Filled with colorful photographs and infused with the joy of two expert chefs celebrating the foods that are closest to their hearts, Taste the Islands brings the places, histories, and rhythms of the Caribbean into your home kitchen.
In this narrated cookbook, Adela Hernandez Gonzmart and Ferdie Pacheco memorialize their passion for the Columbia, the nation’s largest Spanish restaurant and Florida’s oldest restaurant. This special 115th anniversary edition of the The Columbia Restaurant Spanish Cookbook features a touching foreword by Andrea Gonzmart Williams, granddaughter of Adela.
When Ray Whaley set out to accomplish his bucket-list goal of kayaking the length of the St. Johns River, it didn’t take long for him to realize he was in over his head. The longest river in Florida, stretching 310 miles between Vero Beach and Jacksonville, the St. Johns had been paddled in its entirety by only a handful of people. Whaley found himself blazing his own trail on an exciting and unexpected adventure.
Ryusuke Kawai, translated by John Gregersen and Reiko Nishioka
Pub Date: 3/10/2020
Opening a window onto the little-known Japanese-American heritage of Florida, Yamato Colony is the true tale of a daring immigrant venture that left behind an important legacy. Ryusuke Kawai tells how a Japanese farming settlement came to be in south Florida, far from other Japanese communities in the United States.
Richard P. Wunderlin, Bruce F. Hansen, and Alan R. Franck
Pub Date: 2/25/2020
This seventh volume of the Flora of Florida collection continues the definitive and comprehensive identification manual to the Sunshine State’s 4,400 kinds of native and non-native ferns and fern allies, nonflowering seed plants, and flowering seed plants. Volume VII concludes the taxonomic treatments of Florida’s dicotyledons.
Latino Orlando portrays the experiences of first- and second-generation immigrants who have come to the Orlando metropolitan area from Puerto Rico, Cuba, Mexico, Venezuela, Colombia, and other Latin American countries. While much research on immigration focuses on urban destinations, Simone Delerme delves into a middle- and upper-class suburban context, highlighting the profound demographic and cultural transformation of an overlooked immigrant hub.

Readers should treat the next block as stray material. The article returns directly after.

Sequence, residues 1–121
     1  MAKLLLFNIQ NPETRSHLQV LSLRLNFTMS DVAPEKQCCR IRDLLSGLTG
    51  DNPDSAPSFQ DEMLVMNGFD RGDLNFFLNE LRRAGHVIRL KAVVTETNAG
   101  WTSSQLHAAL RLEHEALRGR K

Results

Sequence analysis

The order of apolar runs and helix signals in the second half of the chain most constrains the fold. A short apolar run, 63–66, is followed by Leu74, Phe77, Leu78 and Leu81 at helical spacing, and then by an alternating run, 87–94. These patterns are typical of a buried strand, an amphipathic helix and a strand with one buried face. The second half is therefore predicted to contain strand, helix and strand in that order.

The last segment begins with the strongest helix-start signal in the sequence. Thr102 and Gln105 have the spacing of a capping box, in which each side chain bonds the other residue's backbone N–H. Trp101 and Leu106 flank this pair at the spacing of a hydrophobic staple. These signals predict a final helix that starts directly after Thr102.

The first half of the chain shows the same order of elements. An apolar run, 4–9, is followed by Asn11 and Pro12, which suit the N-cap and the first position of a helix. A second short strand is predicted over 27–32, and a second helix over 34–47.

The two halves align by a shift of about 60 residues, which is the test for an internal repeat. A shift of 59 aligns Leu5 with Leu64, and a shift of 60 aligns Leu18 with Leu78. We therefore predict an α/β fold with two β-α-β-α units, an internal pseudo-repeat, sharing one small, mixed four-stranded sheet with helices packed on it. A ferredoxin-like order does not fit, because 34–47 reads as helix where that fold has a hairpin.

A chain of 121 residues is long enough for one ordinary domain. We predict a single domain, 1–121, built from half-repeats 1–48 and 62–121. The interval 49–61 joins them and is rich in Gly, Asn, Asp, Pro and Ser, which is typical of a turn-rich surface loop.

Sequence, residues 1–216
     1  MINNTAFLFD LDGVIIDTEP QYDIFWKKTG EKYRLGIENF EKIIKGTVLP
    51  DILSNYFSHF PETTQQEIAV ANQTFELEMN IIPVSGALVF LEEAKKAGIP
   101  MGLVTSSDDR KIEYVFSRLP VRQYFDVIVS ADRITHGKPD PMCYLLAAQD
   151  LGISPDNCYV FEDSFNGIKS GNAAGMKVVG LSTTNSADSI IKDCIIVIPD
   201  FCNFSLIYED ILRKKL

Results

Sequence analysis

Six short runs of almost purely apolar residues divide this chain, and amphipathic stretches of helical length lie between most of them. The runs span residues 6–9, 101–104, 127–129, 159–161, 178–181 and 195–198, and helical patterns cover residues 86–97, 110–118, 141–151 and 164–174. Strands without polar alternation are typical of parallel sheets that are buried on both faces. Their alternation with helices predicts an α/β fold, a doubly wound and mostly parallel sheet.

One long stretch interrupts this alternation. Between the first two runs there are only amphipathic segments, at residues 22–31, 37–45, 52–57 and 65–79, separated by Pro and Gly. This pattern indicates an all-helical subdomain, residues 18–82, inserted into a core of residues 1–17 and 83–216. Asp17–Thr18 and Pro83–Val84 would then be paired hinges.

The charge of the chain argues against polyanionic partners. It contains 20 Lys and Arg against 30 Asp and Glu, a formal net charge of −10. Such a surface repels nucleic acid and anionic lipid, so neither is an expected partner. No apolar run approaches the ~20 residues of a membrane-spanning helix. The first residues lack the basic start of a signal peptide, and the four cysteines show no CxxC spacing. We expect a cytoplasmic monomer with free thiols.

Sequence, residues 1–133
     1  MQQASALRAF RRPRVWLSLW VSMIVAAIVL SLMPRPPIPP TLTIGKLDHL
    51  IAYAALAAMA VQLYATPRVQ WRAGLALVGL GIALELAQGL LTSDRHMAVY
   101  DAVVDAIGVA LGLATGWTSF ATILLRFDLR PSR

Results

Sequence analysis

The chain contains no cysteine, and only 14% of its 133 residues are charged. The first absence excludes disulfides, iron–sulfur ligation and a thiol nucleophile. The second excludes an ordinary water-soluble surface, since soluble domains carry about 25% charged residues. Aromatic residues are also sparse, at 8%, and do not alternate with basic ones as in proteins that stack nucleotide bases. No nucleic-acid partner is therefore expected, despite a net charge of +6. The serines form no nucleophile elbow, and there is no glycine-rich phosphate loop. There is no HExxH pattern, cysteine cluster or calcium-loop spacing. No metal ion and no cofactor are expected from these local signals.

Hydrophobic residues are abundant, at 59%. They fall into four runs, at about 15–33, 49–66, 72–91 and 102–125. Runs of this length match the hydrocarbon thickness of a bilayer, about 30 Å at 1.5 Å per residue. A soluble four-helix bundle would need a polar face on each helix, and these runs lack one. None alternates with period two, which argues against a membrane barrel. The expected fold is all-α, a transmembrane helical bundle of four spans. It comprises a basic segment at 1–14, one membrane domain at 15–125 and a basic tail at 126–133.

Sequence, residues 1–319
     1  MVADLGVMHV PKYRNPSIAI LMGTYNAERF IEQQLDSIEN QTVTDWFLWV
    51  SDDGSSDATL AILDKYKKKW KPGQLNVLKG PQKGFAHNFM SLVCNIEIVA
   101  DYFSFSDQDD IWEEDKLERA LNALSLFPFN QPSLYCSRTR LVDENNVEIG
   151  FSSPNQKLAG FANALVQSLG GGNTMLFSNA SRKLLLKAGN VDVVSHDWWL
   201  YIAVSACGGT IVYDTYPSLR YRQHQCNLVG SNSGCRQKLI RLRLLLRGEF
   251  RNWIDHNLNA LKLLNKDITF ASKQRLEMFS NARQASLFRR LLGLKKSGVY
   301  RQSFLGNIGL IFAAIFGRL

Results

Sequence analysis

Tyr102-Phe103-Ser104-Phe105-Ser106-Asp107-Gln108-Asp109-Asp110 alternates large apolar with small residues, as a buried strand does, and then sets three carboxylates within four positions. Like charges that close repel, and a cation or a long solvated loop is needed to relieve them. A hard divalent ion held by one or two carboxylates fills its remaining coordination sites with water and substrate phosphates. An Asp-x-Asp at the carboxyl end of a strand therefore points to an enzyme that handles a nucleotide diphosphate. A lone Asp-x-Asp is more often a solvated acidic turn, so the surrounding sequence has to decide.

Highlighting the long unacknowledged role of a group of pioneering professional women, The Public Health Nurses of Jim Crow Florida tells the story of healthcare workers who battled racism in a state where white supremacy formed the bedrock of society. They aimed to serve those people out of reach of modern medical care.
In Deadly Virtue, Heather Martel argues that the French Protestant attempt to colonize Florida in the 1560s significantly shaped the developing concept of race in sixteenth-century America. Telling the story of the short-lived French settlement of Fort Caroline in what is now Jacksonville, Florida, Martel reveals how race, gender, sexuality, and Christian morality intersected to form the foundations of modern understandings of whiteness.
Despite Florida’s current reputation as a swing state, there was a time when its Republicans were the underdogs against a Democratic powerhouse. This book tells the story of how the Republican Party of Florida became the influential force it is today.
With an eye for the illogical and a flair for the irreverent, journalist Mark Lane aims his sharp wit at one of the most intriguing duties of the Florida legislature—signing state symbols into law. In Roaring Reptiles, Bountiful Citrus, and Neon Pies, he spotlights nineteen things that have been proposed and/or appointed to officially define Florida.